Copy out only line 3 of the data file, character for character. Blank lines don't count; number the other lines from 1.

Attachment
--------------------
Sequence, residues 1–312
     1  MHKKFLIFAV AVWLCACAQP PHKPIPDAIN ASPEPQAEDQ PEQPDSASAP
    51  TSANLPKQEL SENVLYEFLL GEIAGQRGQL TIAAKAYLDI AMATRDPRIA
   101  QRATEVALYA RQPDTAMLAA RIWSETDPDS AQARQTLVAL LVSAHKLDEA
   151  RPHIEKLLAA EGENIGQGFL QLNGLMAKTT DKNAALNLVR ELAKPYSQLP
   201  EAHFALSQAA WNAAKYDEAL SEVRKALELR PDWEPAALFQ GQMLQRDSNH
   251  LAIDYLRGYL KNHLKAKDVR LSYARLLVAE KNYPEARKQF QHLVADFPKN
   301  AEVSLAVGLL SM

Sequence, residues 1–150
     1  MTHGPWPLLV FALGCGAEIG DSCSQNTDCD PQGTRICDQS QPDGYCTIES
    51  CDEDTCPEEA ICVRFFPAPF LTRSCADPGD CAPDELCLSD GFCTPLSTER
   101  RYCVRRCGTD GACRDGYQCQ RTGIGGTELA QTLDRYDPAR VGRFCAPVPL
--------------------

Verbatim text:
    51  TSANLPKQEL SENVLYEFLL GEIAGQRGQL TIAAKAYLDI AMATRDPRIA